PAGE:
While television has come a long way in terms of LGBTQ representation in the past seven years, the industry has a lot of work to doespecially when it comes to the depiction of trans people. A 2016 report from GLAAD found that there were just three regular transgender characters in all of broadcast TV. Cable fared marginally better, with six trans series regulars.
Bringing back a show which sends the message that trans people are rapists and that parents shouldn’t approve of their children if they happen to be LGBTQ certainly isn’t helping. And it’s even more galling that one of TV’s most groundbreaking comedies was pushed out of the way to make room for it.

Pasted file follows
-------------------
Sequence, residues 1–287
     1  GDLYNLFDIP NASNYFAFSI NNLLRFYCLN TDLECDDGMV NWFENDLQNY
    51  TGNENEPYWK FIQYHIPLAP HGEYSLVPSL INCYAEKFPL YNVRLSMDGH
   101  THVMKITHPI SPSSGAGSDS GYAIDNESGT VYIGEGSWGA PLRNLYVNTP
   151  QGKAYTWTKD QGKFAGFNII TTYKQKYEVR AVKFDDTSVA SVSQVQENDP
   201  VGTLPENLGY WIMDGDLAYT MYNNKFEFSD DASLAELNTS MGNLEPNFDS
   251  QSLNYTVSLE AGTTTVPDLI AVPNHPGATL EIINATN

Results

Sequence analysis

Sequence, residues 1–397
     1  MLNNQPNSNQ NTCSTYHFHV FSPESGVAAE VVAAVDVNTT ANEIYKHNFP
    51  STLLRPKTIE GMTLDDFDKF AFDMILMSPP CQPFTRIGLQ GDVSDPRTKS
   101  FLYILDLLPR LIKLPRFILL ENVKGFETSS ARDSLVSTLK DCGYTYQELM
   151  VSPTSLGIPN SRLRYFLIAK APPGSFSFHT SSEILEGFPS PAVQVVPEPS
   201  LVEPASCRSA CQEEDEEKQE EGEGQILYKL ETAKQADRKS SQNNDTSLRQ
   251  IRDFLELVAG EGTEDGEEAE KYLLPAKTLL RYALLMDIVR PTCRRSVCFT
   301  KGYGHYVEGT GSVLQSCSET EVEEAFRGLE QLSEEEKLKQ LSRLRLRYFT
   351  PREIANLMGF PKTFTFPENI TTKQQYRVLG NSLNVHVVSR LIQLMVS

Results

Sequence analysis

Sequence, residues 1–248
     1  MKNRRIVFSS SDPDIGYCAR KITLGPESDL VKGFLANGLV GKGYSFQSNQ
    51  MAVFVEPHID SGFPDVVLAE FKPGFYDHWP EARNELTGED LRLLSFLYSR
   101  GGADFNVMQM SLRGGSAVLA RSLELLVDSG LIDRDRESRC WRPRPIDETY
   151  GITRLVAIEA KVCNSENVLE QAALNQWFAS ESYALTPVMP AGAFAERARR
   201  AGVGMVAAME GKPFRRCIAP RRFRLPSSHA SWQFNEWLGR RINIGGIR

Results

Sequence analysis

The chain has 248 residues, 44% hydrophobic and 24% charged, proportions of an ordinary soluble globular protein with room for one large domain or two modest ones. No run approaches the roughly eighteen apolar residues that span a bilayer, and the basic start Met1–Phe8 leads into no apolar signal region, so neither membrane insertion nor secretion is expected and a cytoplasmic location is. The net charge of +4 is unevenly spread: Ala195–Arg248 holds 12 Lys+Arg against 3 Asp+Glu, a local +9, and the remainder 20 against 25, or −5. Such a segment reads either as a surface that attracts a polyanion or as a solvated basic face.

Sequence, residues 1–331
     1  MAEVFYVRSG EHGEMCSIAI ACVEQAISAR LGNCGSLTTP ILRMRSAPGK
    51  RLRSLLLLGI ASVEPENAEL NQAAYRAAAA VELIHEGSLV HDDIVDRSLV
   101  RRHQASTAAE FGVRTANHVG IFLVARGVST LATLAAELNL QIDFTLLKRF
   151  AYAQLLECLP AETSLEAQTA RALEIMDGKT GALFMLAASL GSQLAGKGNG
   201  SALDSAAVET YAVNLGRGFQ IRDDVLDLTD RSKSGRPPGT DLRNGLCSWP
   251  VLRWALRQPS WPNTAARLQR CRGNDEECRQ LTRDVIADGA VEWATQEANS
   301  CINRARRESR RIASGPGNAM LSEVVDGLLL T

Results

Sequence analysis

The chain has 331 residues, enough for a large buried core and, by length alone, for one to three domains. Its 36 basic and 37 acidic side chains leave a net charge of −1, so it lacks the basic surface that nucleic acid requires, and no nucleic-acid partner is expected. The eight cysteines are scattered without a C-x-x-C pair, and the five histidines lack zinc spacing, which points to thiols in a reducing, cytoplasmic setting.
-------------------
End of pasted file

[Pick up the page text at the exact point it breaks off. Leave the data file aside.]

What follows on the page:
After Roseanne debuted to record numbers despite its Trump-supporting star’s transphobic views, networks are trying to figure out any possible way they can cash in on Republican dollars. The revival has already been picked up for a second season.
But as LGBTQ youth across the country take own their lives because their religion, their political representatives, and the shows their parents watch on TV reinforce the idea they are unworthy of being loved, network execs should ask themselves some hard questions about what they’re selling. Is the money really worth the cost?
Photo via Rick Diamond / Getty Images